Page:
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Diamond Hawkins, Community Healing Network’s Outreach Coordinator, is currently traveling in Ghana. We asked her to share some of her experiences with us on this Let’s Talk Tuesday.

If you take a look at the coast of Ghana on a Google map, you will notice the beautiful waters that rush against the sands of the country. A series of forts and castles dot the coast.

Those forts and castles were the sites of crimes against humanity.

These castles mark the beginning of the perilous journey of Africans during the Transatlantic Slave Trade. These castles were the last memories our ancestors had of their beautiful homeland, before being taken across the Atlantic Ocean to be sold as human property.

I was given the opportunity to trek back to the homeland of my ancestors to learn how they got to the land where I now reside, The United States of America.

I chose to begin my search in Ghana (formerly known as the Gold Coast) because the nation houses one of the most infamous of these castles, the Cape Coast Castle.

I will take you through my experience of what it was like to walk on the grounds of the place where many of our ancestors were tortured, before coming to my current home in the Americas.





These are the feelings that overwhelmed me as I entered the dungeons of the Cape Coast Castle.

It was dark, damp and filled with a thick stench. A stench that represented 400 years of human abuse and captivity.

This is the place where our ancestors were treated like no creature on earth should be treated. They were whipped, starved and raped here. White marks on the dungeon walls represent the levels of the floor prior to the recent excavation.


The ground that you see in the photo above shows the floor many would think is made of dirt. These floors are actually covered with human excrements.

Left to survive in two feet of human feces, blood, vomit, and decaying flesh — these were the conditions our ancestors lived in while staying in the castle. They were left for up to three months. As you can imagine, many grew ill and died.



As you can see in the photo above, the dungeons had very little light. These same holes for light were used to throw down water and a little food. Many people lost their eyesight when they were brought out into the quarry before being loaded on ships to the Americas due to being forced to live in darkness.

The castle was not only used for the slave trade and captivity, but also became the office for the British Governors. Here they created rooms where the “Elite” would conduct business and worship.

In the upper chamber of the Castle were beautiful windows that showed the ocean that hugged the coast of West Africa. Through these windows, the governors were also able to see the ships of their newly shipped human cargo, make its way to the the Americas and the Caribbean.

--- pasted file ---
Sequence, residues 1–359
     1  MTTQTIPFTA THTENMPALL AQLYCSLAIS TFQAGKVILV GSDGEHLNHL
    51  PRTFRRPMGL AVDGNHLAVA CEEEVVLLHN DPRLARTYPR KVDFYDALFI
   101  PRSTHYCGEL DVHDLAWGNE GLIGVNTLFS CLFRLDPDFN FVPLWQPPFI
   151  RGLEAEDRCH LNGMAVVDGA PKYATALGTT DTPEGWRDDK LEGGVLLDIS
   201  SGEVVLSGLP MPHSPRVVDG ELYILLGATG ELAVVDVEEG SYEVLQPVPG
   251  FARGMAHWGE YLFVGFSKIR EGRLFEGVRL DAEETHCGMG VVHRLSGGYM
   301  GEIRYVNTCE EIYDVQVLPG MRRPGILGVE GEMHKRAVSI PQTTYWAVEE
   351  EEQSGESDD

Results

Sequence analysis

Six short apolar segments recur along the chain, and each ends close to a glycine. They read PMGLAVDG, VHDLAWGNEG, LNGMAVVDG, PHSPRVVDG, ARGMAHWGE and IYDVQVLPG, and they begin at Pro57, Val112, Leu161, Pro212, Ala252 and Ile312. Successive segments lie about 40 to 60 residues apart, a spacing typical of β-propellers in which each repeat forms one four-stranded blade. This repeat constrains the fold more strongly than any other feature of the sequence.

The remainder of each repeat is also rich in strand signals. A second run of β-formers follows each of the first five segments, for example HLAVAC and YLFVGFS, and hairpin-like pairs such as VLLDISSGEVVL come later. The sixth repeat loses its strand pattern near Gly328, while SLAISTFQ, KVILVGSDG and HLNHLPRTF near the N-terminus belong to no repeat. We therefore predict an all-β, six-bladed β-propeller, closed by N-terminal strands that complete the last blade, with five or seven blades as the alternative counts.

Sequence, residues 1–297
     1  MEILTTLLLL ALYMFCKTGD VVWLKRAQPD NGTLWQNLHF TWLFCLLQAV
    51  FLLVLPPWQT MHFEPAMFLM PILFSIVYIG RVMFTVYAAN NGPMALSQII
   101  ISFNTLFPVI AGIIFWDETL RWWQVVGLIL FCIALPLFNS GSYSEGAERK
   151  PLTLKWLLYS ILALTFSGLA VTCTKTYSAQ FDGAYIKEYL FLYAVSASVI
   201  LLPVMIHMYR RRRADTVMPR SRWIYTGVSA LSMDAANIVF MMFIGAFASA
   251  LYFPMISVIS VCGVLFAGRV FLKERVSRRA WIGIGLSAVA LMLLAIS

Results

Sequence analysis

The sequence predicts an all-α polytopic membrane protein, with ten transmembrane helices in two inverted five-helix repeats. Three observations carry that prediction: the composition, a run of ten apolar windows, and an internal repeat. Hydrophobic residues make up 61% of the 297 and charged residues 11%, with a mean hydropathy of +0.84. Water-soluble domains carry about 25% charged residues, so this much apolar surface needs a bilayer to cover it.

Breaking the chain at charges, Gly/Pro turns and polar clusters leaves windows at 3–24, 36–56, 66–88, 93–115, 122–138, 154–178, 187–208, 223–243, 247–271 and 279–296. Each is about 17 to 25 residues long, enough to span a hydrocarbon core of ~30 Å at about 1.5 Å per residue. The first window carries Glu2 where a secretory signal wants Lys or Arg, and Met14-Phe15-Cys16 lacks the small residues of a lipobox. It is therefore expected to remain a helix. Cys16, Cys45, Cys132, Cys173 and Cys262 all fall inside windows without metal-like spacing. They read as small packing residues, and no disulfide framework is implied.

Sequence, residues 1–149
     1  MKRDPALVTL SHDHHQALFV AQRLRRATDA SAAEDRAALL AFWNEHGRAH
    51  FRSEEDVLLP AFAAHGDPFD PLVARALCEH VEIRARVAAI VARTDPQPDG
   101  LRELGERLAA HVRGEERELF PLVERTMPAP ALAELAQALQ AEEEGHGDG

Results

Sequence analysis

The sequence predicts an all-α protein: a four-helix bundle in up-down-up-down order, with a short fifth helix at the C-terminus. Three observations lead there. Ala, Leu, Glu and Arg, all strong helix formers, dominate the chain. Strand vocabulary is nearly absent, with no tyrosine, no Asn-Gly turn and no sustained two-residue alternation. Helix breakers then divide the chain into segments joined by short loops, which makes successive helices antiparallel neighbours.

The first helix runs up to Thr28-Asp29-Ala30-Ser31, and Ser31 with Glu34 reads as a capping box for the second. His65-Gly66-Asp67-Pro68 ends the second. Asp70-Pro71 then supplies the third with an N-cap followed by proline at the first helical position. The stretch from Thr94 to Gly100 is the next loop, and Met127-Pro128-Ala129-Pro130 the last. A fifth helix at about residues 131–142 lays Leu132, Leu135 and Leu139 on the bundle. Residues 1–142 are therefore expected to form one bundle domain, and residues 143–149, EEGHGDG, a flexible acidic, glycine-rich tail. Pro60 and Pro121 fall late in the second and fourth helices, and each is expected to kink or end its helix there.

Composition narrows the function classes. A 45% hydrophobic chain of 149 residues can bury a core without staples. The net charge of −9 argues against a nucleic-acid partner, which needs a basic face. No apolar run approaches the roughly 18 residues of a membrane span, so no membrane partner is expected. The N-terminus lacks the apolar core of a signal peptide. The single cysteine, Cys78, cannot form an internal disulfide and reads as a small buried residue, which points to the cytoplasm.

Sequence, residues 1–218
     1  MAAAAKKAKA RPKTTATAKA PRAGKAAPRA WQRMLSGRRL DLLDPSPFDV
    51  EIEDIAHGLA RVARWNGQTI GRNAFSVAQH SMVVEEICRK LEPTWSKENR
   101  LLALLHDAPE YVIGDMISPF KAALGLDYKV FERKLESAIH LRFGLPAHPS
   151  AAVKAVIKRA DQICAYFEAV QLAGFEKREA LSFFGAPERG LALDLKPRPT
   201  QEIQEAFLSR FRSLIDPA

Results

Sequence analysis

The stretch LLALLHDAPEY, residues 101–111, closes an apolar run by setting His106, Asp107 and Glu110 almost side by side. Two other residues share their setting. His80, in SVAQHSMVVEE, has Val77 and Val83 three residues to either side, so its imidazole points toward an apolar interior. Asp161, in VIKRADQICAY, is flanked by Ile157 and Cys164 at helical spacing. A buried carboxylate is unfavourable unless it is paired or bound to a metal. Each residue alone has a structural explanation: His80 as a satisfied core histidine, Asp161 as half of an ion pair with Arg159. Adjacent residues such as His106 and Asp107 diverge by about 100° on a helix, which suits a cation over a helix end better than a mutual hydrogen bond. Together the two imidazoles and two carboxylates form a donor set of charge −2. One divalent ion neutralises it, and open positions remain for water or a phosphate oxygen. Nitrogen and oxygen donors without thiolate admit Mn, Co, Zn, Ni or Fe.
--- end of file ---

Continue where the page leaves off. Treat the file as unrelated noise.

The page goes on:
Could you imagine waking up to this view every day? This is what our ancestors saw daily before being ripped away from their homes in captivity.

Walking around the upper chamber of the castle, I noticed a room which is which the guide referred to as the “Chapel”. This chapel was built directly over the dungeons where our ancestors lived in horrible conditions causing many of them to die.

The dungeons were built right under the churches where the British would praise, dance, and go about their normal lives, detaching from the unfathomable, disgusting, human suffering they consciously inflicted upon our ancestors. There were trap doors leading to the dungeons, where guards would stand during business and church to listen closely to the slaves to ensure there were no revolts.


Trap Door of Dungeons

Trap Door of Dungeons


As I continued to walk through the chambers of my ancestors, I felt an overwhelming sense of pain and sadness, a feeling that caused me to fall short of the rest of my tour group. I needed a moment to recuperate my emotions before viewing the final part of the castle, the “Door of no return”.

Door of no return

Door of no return


This door represents the last door our ancestors would walk through before being loaded onto ships to where they would be sold to create the new world. Walking through that door provided weak sensations throughout my body, leading to a face full of tears.

This is what I saw on the other side of the door: beautiful oceans, wildlife and fishermen. A sight my ancestors did not get to see. Unlike those beautiful men and women who were held captive and sent to the new world, I was able to walk back into the Door of Return, heading back into the lands of Ghana.


View on the side of the Door of Return

View on the side of the Door of Return



The Door is named the Door of Return, to signify the work being done to connect those apart of the African Diaspora globally. Encouraging our community to remember the history of our people, and work together to rewrite the narrative.

Taking this trip to Cape Coast Castle was an experience no one could have prepared me for. The connections I had to my ancestors will forever be remembered. I made a promise as I stood at the dock the the castle, I will continue to walk the paths of my ancestors, connect the dots of our history, and rewrite the narrative for generations to come.

I believe that all of us who are a part of the Diaspora, must make this trek to the West African Coastlines to connect with those who came before us.

What do you think? Have you been to Cape Coast? What was your experience? Will you plan a trek to Ghana?

Please share your experiences and views in the comment box below.

                                  –Diamond Hawkins, CHN Outreach Coordinator

To follow Diamond on her further travels in Ghana, please visit www.diamondhawkins.com.


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